Self-fulfillment in the Information Age
How do you describe yourself? Are we just a reflection of our family, friends, and acquaintances? Or are we more?
Many of our past articles here at The Young Leader dig into social media, and our message has always focused on offering experiences—opportunities for you to express yourself, jump out of your comfort zone, and discover what engages you. In a word, we care about and want to support your self-fulfillment.
Within this brief article, we’ll unpack this word and explore why this idea matters a great deal for our personal lives.
In short, self-fulfillment involves realizing your deepest desires and capacities. It’s a fluid concept that transcends keywords, text, images, video, and even our most vivid memories. But at the same time, self-fulfillment doesn’t at all require us to isolate ourselves or engage in extensive self-reflection. We realize our capacities through the kindness and perspective of others; we experience our deepest desires with those we cherish most.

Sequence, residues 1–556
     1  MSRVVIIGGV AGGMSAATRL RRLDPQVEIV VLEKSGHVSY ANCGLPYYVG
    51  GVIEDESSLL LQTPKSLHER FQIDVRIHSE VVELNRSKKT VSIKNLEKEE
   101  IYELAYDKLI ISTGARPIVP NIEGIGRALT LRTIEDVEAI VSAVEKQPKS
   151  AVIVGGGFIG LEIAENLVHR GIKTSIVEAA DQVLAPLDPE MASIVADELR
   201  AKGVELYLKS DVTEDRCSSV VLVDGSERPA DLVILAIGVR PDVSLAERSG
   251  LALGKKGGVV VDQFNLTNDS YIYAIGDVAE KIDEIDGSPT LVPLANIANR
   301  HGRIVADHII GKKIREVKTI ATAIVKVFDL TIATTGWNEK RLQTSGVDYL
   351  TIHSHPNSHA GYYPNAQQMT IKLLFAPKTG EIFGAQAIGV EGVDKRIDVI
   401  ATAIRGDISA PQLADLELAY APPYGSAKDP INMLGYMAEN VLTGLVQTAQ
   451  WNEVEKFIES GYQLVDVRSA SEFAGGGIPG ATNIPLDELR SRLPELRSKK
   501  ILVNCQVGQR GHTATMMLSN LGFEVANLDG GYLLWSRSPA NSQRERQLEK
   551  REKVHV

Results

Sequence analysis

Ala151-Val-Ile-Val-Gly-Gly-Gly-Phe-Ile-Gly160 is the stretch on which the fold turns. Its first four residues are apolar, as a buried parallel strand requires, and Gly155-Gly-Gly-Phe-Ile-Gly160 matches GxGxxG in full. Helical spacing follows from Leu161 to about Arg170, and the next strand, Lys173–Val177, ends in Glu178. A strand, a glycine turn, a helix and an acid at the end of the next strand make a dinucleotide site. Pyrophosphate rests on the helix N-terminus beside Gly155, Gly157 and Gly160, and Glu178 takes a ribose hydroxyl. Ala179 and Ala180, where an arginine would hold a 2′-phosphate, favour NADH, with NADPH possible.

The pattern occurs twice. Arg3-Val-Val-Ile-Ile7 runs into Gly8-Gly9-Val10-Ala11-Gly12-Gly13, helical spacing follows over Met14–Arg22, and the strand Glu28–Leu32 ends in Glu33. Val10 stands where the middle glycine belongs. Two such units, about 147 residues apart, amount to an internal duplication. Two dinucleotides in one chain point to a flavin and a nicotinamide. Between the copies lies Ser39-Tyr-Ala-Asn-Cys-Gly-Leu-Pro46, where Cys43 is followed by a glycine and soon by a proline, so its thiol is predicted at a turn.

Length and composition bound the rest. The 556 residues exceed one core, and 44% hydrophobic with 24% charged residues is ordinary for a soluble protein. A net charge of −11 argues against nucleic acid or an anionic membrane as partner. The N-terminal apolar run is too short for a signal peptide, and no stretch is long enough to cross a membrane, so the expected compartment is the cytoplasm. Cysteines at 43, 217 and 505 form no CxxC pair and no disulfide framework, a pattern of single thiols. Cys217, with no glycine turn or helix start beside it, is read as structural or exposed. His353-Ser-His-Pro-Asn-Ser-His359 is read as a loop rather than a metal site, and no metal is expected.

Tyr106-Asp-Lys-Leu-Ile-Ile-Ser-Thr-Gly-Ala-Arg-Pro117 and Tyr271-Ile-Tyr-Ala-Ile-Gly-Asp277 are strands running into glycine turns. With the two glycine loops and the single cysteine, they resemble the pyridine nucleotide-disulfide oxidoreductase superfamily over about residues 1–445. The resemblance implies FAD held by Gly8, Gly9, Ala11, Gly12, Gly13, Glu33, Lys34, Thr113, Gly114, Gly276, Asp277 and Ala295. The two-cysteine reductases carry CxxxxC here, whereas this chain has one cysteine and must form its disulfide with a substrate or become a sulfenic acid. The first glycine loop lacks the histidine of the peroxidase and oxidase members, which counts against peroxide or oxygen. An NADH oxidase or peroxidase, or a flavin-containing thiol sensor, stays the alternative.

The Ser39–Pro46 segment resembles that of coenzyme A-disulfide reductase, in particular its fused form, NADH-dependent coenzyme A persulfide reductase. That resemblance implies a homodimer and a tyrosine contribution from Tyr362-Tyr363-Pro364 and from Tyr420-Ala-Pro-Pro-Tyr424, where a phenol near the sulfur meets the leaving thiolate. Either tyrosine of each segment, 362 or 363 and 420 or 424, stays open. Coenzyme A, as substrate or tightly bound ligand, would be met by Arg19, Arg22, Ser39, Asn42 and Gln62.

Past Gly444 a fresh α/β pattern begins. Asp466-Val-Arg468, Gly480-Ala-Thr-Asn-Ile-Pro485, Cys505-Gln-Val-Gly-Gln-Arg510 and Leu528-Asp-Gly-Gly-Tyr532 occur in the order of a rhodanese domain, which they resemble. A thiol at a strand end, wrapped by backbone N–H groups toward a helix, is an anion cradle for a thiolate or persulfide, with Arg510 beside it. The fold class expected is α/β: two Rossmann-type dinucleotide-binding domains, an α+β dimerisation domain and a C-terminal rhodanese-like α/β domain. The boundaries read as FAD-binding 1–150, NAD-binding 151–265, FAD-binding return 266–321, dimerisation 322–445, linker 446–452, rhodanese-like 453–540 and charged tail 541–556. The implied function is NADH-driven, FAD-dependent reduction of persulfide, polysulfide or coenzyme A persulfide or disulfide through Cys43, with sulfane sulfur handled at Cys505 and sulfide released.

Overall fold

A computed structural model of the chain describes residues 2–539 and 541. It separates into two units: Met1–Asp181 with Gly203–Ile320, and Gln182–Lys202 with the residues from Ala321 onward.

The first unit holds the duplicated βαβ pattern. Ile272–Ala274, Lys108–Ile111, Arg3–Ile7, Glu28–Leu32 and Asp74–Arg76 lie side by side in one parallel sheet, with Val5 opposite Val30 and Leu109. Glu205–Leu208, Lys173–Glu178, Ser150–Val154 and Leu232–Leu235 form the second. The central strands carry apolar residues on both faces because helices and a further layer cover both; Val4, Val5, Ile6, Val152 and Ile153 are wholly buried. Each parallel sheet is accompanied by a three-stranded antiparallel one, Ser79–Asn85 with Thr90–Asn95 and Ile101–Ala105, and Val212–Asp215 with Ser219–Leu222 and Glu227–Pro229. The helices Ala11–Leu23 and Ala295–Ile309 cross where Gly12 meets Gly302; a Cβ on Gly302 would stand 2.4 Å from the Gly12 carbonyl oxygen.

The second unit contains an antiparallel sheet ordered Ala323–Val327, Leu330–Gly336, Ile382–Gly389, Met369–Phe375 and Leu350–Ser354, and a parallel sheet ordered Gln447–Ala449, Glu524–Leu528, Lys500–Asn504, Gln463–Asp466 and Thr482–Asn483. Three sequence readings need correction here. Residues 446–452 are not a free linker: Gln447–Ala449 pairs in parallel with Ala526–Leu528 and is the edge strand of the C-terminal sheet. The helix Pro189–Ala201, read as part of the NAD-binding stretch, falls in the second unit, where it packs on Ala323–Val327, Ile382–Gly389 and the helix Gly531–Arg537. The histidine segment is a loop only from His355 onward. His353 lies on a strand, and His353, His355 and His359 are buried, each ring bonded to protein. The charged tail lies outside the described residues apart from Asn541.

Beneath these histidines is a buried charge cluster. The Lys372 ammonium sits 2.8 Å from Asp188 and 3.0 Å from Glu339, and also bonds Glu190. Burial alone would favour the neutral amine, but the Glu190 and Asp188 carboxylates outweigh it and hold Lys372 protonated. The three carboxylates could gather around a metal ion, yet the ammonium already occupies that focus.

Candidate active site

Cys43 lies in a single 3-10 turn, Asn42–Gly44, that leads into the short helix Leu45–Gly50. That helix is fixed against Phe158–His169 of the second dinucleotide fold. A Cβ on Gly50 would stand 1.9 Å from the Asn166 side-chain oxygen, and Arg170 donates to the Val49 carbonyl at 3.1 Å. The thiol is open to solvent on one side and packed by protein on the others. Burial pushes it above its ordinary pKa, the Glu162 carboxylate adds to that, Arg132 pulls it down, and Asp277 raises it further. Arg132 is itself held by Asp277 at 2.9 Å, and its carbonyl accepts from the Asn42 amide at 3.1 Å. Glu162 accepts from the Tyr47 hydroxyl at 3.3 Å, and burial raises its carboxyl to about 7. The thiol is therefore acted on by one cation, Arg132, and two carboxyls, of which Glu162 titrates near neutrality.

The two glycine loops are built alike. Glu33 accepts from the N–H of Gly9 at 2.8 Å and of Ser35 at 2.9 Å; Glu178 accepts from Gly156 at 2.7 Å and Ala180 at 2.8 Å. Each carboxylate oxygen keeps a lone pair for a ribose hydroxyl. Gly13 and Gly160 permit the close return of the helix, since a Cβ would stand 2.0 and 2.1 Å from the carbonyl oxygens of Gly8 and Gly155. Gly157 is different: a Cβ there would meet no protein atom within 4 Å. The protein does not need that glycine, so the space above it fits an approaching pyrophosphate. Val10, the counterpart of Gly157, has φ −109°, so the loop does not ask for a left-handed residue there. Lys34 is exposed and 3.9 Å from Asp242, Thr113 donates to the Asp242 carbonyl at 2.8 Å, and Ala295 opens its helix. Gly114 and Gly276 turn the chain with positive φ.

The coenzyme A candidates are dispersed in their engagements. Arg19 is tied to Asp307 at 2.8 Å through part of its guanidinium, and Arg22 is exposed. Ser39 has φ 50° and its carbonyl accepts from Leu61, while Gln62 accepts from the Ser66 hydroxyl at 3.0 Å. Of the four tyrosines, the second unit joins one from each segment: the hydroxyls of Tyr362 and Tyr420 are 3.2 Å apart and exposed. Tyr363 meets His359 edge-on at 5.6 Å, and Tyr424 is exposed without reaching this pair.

Our values and personal sentiments get reflected through the mediums we engage together—moving, speaking, typing, photographing, and videotaping—rather than the other way around. Social media and all the other technologies we engage in offer a variety of spaces for us to connect. But ultimately, we each decide which of them are most fulfilling—we continually assert ourselves through both our presence and absence from communities.
And what we each find fulfilling at a given moment isn’t necessary what we achieve most in. As a high-achiever, you may find it refreshing to have those activities or moments where you can free yourself from the constant pressure and stress that achieving may bring. For those difficult moments during your journey towards success and achievement, keep this quote from The Lesson of Grace in Teaching by Francis Su in your back pocket:
“Your accomplishments are NOT what make you a worthy human being.”
Contributed by Nick Fochtman